Byline: CHRIS JONES
BRIAN ASHTON already has his get out of jail card. "Not my fault", hewill plead, "I did not have long enough to prepare my boys for the task athand." The England coach probably already has his excuse memorised for when theworld champions lose their already loose grip on the Webb Ellis Trophy if, asthe bookies predict, they are defeated by South Africa tonight.
Could this week's preparations for their mammoth game with the Springboks havebeen any worse for Ashton? Picking up the pieces of Andy Robinson's disastrousreign was bad enough to start with.
Ashton then fumbled through the Six Nations as he tried to find some kind ofwinning formula.
Yet now the 61-year-old Lancastrian must rely on Mike Catt, who will be 36 nextweek, and Andy Farrell, 32, to rescue England's campaign after a catalogue ofmishaps left them in this precarious position. Lose to the Boks and it isAustralia in the quarter-finals unless Wales shock the Wallabies in Cardifftomorrow.
How did England end up in this state? Well, first Jonny Wilkinson, the manwhose drop goal won the Cup four years ago, fell over a team-mate and damagedan ankle ligament and then Olly Barkley, England's best player in the awful28-10 win over America, injured a hip muscle in a freak training incident.
Captain Phil Vickery will also be missing after being banned two games fortripping.
Patently, England have their backs to the wall and must come out fightingliterally. However, by opting for the ballplaying Nick Easter rather thanLawrence Dallaglio at No8, they have ignored a renowned rugby warrior, a manwho lives for this kind of one-off challenge. I believe that Ashton has made amajor mistake.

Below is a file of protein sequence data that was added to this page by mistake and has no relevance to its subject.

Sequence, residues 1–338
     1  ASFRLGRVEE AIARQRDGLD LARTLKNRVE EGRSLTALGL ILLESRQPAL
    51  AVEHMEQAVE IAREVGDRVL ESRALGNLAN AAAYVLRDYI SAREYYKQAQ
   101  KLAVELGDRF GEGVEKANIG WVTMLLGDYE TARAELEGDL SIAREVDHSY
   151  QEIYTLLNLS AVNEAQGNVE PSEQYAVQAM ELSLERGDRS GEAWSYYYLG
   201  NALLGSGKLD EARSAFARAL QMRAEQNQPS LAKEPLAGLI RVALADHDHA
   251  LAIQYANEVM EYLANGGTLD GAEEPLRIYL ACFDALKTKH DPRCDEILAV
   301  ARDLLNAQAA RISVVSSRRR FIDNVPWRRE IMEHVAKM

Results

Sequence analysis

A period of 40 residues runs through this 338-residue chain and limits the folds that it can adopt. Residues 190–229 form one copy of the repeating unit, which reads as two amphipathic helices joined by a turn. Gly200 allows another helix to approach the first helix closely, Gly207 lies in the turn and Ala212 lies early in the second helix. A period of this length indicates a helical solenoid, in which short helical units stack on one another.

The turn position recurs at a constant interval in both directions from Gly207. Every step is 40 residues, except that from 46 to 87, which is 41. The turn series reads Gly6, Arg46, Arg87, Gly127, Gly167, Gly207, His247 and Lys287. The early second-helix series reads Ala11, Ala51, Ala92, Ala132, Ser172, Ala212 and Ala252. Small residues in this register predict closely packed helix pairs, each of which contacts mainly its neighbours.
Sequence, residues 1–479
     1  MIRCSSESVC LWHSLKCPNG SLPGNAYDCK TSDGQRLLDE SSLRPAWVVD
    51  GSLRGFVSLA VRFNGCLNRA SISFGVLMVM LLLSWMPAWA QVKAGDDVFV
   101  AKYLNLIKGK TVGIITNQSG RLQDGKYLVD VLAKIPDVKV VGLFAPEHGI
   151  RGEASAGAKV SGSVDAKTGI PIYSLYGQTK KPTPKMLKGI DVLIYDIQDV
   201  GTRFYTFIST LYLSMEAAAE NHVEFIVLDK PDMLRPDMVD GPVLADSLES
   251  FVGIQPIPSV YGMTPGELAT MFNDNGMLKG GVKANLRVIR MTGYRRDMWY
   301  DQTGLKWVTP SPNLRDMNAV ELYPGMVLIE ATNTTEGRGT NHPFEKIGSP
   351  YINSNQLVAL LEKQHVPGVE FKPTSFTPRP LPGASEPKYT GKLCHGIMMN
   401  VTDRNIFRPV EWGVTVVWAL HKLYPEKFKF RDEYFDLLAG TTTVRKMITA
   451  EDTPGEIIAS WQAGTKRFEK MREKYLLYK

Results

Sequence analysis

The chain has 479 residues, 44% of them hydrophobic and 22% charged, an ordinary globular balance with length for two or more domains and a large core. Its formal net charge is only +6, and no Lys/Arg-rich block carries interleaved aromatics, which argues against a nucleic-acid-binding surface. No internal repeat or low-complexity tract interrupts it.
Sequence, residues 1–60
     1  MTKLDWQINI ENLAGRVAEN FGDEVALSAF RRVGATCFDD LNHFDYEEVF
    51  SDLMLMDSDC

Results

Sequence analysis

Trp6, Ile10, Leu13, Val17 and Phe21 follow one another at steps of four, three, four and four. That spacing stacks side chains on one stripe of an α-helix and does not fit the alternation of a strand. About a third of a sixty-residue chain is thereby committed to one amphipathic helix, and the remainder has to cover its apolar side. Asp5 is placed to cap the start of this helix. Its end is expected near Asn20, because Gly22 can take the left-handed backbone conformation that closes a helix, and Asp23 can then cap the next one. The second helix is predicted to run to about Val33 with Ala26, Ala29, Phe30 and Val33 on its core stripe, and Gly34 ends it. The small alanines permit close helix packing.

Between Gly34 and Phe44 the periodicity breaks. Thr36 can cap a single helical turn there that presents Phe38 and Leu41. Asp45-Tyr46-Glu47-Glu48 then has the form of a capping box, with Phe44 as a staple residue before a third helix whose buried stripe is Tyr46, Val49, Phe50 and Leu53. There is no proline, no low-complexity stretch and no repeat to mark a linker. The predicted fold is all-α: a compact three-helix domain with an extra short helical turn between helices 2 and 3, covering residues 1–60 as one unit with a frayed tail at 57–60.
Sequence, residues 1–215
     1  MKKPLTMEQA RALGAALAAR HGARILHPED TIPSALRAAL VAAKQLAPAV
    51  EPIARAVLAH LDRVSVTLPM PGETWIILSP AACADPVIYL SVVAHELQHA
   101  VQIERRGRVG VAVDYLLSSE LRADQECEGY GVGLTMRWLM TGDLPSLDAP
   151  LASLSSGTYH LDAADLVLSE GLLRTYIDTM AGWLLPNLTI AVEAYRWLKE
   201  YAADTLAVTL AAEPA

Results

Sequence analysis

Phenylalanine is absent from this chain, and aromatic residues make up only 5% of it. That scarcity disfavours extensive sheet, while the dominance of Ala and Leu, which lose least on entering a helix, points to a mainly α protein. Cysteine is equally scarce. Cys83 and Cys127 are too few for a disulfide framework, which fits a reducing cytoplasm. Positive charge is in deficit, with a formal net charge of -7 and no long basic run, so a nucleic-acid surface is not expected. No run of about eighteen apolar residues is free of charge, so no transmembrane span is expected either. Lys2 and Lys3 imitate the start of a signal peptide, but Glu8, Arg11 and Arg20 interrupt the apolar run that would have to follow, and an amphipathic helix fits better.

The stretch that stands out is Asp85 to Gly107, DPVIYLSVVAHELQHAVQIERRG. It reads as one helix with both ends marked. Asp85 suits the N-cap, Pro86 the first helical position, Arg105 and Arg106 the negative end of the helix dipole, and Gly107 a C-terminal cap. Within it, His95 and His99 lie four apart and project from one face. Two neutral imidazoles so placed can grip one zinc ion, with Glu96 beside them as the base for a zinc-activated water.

True, Dallaglio was poor against USA but this is the man who led London Waspsto Heineken Cup glory against mighty Leicester.
Dallaglio or Easter for Mission Impossible? I would take the Wasps legend everytime.
Captain Martin Corry insists his men will play right on the edge of legalbrutality up front in the forwards and his commitment to creating "a bit ofmayhem" in the breakdown will hearten English fans.
But it must be galling for men like Martin Johnson, Neil Back and Richard Hillto see what The line-ups 15 Robinson 14 Lewsy 13 Noon 12 Farrell 11 Sackey 10Catt 9 Perry 1 Sheridan 2 Regan 3 Stevens 4 Shaw 5 Kay 6 Corry (capt) 7 Rees 8Easter England Replacements: Chuter, Freshwater, Borthwick, Moody, Gomarsall,Richards, Tait..
they did so much to achieve in 2003 undermined by four years of treading water.
The damage was inf licted by Sir Clive Woodward's departure in 2004 andRobinson's tenure which left Ashton with little time to produce atrophy-challenging team.
Ashton, a man known for liking good movement of the ball through the hands, hasbeen forced to embrace pragmatic rugby, opting to give forwards coach JohnWells extra time on the training pitch to put a viable pack together with aninevitable effect on the back play.
Too little time has been spent marrying the backs and forwards together as acohesive force and that is why England will kick for position tonight in theStade de France and concentrate on short side attacks up the blindside.
The problem there is that scrum-half Shaun Perry lacks the sharpness to carryout the plan and tends to look to break himself instead of clearing the ball atpace to support runners. …